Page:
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Football: Colorado Buffs fire head coach Karl Dorrell, DC Chris Wilson

Offensive coordinator Mike Sanford to serve as interim head coach for remainder of 2022 season

University of Colorado, athletic director Rick George speaks to the media on Sunday during a press conference addressing the firing of head football coach Karl Dorrell after two and a half seasons at the helm of the program. The Buffs are 0-5 this season. (Cliff Grassmick/Staff Photographer)
University of Colorado, athletic director Rick George speaks to the media on Sunday during a press conference addressing the firing of head football coach Karl Dorrell after two and a half seasons at the helm of the program. The Buffs are 0-5 this season. (Cliff Grassmick/Staff Photographer)
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BOULDER,CO-September 24: University of Colorado Boulder's Karl Dorrell was fired on October 2, 2022. (Cliff Grassmick/Staff Photographer)
BOULDER,CO-September 24: University of Colorado Boulder’s Karl Dorrell was fired on October 2, 2022. (Cliff Grassmick/Staff Photographer)

Within the Champions Center, head football coach Karl Dorrell was highly respected by Colorado’s administration, his staff and his players.

“However,” athletic director Rick George said Sunday evening, “the on-the-field performance fell well short of our expectations.”

On Sunday, George and the Buffaloes hit the reset button once gain.

Saturday’s 43-20 loss to Arizona in Tucson, Ariz., was the final straw for George. With CU sitting at 0-5 (0-2 Pac-12), George fired Dorrell and defensive coordinator Chris Wilson.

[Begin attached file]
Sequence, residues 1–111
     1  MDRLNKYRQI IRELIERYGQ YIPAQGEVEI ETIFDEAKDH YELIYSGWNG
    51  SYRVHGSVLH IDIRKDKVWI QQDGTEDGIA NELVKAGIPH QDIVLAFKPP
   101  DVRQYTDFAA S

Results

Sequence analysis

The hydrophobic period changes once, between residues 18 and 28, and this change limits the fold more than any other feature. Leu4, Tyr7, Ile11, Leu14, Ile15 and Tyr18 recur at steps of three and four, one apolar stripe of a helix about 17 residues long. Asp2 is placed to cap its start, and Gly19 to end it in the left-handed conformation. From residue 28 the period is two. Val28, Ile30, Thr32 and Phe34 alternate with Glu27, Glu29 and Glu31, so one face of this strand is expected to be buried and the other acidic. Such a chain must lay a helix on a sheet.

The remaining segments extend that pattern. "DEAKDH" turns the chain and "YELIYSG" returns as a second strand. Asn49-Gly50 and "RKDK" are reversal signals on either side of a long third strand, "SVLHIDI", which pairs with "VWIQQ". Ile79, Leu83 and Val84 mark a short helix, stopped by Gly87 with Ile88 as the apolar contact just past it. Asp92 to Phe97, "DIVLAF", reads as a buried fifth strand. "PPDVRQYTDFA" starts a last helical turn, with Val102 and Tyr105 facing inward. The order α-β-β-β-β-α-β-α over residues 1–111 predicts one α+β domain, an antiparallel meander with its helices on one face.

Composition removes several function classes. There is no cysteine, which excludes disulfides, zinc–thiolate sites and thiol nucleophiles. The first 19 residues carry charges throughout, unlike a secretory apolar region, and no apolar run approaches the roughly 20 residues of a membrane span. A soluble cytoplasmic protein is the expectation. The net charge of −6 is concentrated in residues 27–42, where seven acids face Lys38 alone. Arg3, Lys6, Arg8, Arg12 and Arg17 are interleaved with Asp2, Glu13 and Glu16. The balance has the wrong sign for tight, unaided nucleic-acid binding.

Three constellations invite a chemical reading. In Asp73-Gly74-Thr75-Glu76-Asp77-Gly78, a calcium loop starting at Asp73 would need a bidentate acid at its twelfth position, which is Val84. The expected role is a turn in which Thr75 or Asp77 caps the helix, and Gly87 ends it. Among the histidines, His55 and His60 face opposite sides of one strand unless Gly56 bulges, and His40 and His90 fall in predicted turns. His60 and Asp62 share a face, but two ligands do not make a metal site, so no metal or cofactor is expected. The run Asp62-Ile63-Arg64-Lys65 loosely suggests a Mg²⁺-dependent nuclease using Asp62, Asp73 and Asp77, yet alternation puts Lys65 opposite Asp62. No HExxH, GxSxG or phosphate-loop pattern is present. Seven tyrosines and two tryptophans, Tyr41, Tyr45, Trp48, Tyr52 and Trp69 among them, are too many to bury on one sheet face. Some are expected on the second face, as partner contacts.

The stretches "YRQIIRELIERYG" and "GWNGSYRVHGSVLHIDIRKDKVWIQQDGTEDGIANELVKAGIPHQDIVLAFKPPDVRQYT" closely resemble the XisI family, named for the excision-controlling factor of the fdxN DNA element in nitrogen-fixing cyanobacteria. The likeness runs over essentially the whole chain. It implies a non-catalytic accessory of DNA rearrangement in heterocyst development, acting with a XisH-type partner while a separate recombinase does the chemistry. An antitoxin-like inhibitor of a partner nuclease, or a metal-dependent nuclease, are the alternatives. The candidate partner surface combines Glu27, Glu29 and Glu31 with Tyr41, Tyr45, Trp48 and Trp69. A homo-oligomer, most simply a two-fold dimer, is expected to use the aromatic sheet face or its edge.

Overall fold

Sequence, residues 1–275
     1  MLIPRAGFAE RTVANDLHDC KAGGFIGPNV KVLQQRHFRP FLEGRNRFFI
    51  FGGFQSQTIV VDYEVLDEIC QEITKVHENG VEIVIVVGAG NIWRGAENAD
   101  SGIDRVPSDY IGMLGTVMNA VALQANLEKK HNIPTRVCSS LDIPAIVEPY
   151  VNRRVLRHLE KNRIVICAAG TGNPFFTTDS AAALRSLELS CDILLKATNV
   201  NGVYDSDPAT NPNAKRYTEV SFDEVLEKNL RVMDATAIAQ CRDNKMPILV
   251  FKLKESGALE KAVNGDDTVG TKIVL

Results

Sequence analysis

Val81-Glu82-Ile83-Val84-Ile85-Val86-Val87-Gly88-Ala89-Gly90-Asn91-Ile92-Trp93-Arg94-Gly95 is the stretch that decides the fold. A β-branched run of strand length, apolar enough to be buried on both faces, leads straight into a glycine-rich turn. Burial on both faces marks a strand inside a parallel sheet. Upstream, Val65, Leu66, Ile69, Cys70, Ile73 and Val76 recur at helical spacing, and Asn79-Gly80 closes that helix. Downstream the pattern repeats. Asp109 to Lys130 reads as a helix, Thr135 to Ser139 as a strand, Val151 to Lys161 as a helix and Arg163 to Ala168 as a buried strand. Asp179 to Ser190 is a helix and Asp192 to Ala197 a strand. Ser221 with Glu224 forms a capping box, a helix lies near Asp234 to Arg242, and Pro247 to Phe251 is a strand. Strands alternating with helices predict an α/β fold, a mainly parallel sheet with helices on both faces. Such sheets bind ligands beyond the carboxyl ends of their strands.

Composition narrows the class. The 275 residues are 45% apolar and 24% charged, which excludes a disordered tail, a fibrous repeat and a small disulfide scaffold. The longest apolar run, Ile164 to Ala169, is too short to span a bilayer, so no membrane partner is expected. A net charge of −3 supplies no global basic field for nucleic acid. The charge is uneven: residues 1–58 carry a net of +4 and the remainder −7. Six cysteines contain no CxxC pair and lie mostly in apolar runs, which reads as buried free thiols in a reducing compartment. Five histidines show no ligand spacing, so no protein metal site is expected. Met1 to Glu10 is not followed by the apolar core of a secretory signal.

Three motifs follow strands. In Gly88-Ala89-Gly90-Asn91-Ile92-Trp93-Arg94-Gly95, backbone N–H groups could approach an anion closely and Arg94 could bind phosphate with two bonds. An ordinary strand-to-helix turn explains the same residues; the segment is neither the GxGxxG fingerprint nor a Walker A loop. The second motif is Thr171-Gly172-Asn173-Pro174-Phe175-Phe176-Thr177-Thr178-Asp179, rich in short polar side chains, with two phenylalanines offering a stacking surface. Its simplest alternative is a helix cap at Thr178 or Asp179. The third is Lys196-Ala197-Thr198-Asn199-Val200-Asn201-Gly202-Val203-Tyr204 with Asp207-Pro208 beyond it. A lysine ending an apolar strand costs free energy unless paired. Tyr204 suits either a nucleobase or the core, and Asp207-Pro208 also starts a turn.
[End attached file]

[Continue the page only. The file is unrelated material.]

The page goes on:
“I know (the failure on the field) starts with me,” George said. “I hired Karl and it didn’t work out the way any of us wanted it to. There’s no excuses and I own my part in where we are today. I have to do what’s best for our student-athletes, and I felt that a change in leadership was needed at this time.”

Offensive coordinator Mike Sanford will serve as interim head coach for the remainder of the season. Sanford has named defensive line coach Gerald Chatman as the defensive coordinator and tight ends coach Clay Patterson as the offensive coordinator for the rest of the season.

Dorrell, in the third year of a five-year contract, went 8-15 with the Buffaloes. CU and in-state rival Colorado State (0-4) are the only remaining winless teams in the Football Bowl Subdivision. It is just the fourth 0-5 start in CU history.

Per the terms of his contract, which runs through Dec. 31, 2024, Dorrell is entitled to claim the entirety of his remaining salary, which is roughly $8.7 million. Dorrell has a “duty to obtain new employment to mitigate” the costs of the buyout. If Dorrell obtains a coaching job over the next two years, his salary would reduce the amount CU owes him.

Chancellor Phil DiStefano stressed that the buyout will be covered by the athletics department budget.

“None of the contract funds will come from tuition money, taxpayer dollars, or the campus general fund,” he said. “And I’m confident that the final payout number will be less than the $8.7 million.”

BOULDER, CO-August 6:DC Chris Wilson, during ...
DC Chris Wilson, during University of Colorado Boulder football practice and media day on August 6, 2022.(Cliff Grassmick/Staff Photographer)

CU was the fourth school from the Football Bowl Subdivision to fire its head coach this season, following Nebraska, Arizona State and Georgia Tech. Later on Sunday, Wisconsin also fired its head coach.

Wilson is in the second year of a three-year deal. He is making $600,000 this year and is slated to make $650,000 next year. He can claim 80% of his remaining salary, which would be roughly $600,000.